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Bush turning back the clock with the Republican right by his side

By PHILIP GAILEY

© St. Petersburg Times, published April 8, 2001


WASHINGTON -- The polls suggest that most Americans like President Bush better than they like his policies. The same can be said of the Washington press corps, which seems to have succumbed to Bush's self-deprecating humor, recently on display at several major media galas. Bush's speechwriters have done a brilliant job of sending him into those arenas with disarming scripts. The Bush presidency, however, is no laughing matter. What he has done to the English language (he even turned that into a joke that won him boffo reviews from the press) is nothing compared to what he is trying to do to the country.

At the recent Gridiron dinner, an annual event in which Washington's newspaper reporters and columnists perform political skits before an audience that includes congressional leaders, Supreme Court justices and senior administration officials, Bush deadpanned that when he arrived in Washington he sought the advice of one of the city's Democratic wise men, Bob Strauss. The president said Strauss gave him this counsel: "You can fool some of the people all the time, and those are the ones you want to concentrate on."

That line got the biggest laugh of the evening, but it was more than Bush's attempt at humor. It appears to be his governing philosophy. As a candidate, he fooled millions of voters -- and some journalists -- into thinking that he was a different kind of Republican, a "compassionate conservative" who intended to govern from the political center. We've known all along that Bush can be a charming fellow, and we now are seeing him for what he really is -- a Republican president who has assembled the most ideologically conservative administration in recent history, starting with Vice President Dick Cheney. A headline in the Economist, a London-based news magazine, put it best: "Forget Compassionate Conservatism -- It's Caveman Conservatism."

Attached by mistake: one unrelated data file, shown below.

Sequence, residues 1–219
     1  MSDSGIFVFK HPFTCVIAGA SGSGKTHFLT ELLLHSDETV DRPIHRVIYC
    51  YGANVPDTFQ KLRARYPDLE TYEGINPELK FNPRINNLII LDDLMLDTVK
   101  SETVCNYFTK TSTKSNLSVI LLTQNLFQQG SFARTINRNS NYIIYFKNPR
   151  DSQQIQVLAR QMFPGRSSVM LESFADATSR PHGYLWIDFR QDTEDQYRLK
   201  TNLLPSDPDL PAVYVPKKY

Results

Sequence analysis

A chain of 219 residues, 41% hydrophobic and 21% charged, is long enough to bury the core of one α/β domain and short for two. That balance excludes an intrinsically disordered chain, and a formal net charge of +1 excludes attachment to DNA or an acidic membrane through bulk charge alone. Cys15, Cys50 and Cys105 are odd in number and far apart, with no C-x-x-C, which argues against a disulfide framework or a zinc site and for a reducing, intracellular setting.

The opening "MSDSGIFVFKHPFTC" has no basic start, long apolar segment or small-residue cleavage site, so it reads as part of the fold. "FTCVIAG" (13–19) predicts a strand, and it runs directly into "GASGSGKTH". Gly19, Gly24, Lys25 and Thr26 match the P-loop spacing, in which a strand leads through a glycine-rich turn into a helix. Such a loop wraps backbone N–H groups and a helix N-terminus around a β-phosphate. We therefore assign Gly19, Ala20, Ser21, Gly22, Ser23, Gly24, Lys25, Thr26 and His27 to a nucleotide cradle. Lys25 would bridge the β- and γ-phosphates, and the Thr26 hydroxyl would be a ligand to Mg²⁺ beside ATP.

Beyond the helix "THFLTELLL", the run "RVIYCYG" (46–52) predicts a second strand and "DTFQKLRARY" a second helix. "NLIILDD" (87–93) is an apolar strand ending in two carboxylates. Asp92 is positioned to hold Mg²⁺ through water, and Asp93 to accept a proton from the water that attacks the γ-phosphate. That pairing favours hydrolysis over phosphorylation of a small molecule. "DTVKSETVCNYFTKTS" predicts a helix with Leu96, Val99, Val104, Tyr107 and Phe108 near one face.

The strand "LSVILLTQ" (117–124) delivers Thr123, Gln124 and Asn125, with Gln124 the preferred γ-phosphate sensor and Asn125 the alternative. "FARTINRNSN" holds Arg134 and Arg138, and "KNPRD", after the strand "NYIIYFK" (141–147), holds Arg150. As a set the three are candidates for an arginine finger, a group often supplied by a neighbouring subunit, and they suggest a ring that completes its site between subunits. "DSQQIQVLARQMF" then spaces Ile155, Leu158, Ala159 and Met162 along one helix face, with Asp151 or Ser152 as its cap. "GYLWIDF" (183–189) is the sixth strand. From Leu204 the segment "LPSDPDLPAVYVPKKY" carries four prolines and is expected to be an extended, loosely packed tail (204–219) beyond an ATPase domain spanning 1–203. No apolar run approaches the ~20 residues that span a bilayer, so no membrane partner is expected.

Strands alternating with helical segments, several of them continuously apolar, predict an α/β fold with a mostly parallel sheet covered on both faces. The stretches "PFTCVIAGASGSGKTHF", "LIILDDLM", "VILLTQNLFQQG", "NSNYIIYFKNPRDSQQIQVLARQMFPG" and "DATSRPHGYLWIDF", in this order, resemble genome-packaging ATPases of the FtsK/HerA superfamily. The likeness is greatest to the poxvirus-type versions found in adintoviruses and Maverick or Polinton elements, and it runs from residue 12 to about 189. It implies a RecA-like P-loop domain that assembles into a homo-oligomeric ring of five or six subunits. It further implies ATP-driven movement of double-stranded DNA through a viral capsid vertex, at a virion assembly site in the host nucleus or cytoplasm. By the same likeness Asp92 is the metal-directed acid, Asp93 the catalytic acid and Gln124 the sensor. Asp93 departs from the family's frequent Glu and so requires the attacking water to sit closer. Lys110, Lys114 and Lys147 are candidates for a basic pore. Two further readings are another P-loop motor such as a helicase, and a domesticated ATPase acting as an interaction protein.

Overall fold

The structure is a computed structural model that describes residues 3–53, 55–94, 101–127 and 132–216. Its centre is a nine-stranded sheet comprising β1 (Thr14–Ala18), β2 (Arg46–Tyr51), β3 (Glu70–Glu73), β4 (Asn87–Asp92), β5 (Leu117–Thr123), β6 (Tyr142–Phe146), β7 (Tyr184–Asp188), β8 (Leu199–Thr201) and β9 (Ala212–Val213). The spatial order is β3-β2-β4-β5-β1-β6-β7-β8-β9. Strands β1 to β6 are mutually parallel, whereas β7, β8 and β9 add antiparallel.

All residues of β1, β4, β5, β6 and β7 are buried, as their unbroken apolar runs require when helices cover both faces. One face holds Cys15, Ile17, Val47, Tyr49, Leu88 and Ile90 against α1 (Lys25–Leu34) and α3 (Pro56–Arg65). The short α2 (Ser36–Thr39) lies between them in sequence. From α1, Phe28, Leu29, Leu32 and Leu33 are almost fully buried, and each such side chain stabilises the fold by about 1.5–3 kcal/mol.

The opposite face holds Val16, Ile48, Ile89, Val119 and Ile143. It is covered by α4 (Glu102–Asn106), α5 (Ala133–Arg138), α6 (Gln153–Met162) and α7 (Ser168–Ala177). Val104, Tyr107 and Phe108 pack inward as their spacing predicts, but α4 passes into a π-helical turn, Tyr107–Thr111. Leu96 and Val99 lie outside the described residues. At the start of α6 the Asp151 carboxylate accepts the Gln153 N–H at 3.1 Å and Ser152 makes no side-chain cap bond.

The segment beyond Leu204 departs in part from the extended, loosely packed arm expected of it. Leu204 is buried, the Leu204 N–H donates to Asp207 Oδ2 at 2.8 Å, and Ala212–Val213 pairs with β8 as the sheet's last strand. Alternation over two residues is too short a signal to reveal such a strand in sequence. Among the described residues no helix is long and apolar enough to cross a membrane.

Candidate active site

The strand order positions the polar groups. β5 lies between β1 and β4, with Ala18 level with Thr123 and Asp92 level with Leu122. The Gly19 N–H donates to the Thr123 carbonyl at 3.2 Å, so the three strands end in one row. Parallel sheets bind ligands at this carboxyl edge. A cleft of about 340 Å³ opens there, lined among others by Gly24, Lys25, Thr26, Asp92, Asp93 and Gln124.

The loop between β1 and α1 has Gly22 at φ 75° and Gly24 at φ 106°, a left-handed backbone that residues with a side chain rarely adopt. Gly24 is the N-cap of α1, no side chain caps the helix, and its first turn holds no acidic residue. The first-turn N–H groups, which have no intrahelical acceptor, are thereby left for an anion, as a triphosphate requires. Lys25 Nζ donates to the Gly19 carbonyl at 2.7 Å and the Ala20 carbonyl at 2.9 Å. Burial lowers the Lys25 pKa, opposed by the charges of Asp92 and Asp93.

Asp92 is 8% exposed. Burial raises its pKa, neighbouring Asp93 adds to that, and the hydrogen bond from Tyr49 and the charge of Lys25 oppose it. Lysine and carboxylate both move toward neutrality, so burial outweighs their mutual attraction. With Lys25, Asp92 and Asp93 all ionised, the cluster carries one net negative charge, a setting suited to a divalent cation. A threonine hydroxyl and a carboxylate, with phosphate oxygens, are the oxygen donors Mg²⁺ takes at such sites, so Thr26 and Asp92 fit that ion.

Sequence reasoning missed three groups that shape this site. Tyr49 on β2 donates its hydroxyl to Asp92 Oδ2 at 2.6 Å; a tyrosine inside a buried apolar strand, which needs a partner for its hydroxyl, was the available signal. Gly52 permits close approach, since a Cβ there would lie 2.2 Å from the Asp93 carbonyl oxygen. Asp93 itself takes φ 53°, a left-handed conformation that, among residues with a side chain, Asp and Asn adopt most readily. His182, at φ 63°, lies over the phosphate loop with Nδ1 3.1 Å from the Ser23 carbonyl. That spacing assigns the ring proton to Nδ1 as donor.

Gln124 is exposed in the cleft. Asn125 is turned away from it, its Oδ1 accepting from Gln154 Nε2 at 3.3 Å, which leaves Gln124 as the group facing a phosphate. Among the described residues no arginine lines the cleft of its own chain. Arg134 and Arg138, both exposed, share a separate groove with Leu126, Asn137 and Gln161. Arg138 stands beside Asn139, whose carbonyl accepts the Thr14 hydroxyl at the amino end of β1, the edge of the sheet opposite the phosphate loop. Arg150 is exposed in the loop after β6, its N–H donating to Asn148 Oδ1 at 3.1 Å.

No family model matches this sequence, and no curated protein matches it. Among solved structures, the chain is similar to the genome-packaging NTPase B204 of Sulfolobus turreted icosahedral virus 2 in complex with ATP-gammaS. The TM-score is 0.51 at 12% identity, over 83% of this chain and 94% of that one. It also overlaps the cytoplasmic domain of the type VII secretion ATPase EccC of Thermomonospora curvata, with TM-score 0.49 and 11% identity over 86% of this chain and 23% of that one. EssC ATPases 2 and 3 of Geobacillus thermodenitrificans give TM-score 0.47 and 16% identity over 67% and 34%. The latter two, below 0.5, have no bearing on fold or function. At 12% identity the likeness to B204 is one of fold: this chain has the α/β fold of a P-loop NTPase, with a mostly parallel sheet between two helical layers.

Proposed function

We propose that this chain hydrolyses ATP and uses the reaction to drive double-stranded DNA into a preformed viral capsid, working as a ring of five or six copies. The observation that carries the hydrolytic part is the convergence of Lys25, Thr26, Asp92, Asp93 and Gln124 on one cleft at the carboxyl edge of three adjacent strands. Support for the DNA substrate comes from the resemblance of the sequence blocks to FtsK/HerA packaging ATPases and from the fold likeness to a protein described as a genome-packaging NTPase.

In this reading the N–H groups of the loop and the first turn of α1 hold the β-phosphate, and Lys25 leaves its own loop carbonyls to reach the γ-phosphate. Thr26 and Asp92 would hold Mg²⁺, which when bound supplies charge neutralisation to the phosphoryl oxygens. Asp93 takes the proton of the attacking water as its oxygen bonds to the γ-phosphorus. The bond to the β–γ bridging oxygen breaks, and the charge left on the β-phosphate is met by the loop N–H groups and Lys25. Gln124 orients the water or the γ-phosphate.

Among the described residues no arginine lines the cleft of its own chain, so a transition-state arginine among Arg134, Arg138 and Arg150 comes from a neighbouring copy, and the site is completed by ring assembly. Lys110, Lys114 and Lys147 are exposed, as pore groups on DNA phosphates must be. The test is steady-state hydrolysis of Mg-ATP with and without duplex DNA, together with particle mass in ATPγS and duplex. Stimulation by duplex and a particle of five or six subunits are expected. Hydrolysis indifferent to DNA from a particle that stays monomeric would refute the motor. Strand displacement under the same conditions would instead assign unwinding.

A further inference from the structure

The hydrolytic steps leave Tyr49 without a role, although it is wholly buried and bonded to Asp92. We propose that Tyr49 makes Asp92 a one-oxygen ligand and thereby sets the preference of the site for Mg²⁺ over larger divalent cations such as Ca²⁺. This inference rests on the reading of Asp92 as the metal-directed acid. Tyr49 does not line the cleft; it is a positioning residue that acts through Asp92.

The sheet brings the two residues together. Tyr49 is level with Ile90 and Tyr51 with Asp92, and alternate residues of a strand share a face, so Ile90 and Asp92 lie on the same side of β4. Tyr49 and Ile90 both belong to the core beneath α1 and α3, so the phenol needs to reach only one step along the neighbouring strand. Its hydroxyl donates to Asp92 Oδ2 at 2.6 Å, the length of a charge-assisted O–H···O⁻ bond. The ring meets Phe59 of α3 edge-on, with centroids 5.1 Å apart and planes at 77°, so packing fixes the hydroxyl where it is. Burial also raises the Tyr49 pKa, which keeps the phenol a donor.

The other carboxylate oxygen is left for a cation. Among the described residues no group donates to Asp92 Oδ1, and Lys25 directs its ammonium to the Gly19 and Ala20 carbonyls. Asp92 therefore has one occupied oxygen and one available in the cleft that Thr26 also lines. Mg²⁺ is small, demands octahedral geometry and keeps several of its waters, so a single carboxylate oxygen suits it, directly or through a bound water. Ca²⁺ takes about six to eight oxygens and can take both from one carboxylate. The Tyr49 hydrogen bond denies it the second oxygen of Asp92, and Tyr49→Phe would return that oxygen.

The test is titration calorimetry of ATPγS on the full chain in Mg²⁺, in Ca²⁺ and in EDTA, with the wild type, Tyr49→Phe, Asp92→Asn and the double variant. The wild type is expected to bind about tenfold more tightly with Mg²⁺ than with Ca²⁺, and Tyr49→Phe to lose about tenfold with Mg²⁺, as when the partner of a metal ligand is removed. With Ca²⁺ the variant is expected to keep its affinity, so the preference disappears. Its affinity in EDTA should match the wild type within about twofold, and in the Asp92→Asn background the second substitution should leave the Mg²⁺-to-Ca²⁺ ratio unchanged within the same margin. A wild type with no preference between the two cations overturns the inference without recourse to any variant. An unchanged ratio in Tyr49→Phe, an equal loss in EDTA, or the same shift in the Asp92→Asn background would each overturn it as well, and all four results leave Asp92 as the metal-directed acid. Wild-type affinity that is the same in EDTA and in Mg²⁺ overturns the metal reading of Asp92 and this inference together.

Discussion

The magazine said, "Back in January, everyone assumed that Bush Two would be a remake of Bush One. Hadn't half the Cabinet served under Poppy? And isn't compassionate conservatism just a remake of kinder, gentler conservatism? No. As it turns out, the new Bush administration could end up more right-wing that Ronald Reagan's."

Bush has given the Republican right the keys to power in almost every part of government. Reagan talked the talk of the Republican hard right but, with some notable exceptions (James Watt comes to mind), he relied on political pragmatists such as James Baker, Michael Deaver and Howard Baker to run his White House. The Bush team does include some moderates, most notably Secretary of State Colin Powell and Environmental Protection Agency administrator Christine Todd Whitman, but so far they have been losing the battle for the president's mind to Cheney and the hard right.

The Washington Post recently reported that even conservative leaders have been surprised by the way Bush has filled key sub-Cabinet and White House staff positions with intellectuals and ideologues from right-wing think tanks, law firms, journals and religious groups. They are ideological conservatives who are preoccupied by moral, religious and cultural issues. They are anti-government and pro-business. They are fervent in their support of tax cuts and in their opposition to environmental regulations. They love school vouchers and hate abortion. They advocate a tough line toward Russia and China. They had rather spend billions of dollars on a missile-defense system than on America's children.

"This administration is shaping up to be the best," Paul Weyrich, a prominent conservative, told the Post. "When Reagan ran for office, even when Nixon ran, it was the campaign that was lovey-dovey. Then, when they got in, they didn't know who you were. Here, the Bush campaign didn't pay any attention to us, but as soon as they got in, they started taking notice. This is something I've never experienced before."

Neither has the country. While most of Washington has been focused on campaign reform, the Bush administration has been turning back the clock on issue after issue -- revoking workplace and arsenic regulations, restricting labor unions and abortion rights, abandoning his campaign pledge to limit carbon dioxide emissions, to name some of his most controversial actions.

This administration seems to be in a hurry to accomplish as much of its agenda as it can in Bush's first term. Maybe that's because, with the economy going sour, Bush fears he could turn out to be a one-term president. The president has yet to make his first nomination to the U.S. Supreme Court, but if he follows the pattern he has set in his first three months in office, we should brace ourselves for another Antonin Scalia or Clarence Thomas, his two favorite justices. Maybe Bush will disappoint conservatives on this score. He has given them so much, they would be hard-pressed to squeal if Bush should nominate a moderate to the court. Of course, so far there is no reason to believe he will disappoint the Republican right on anything.

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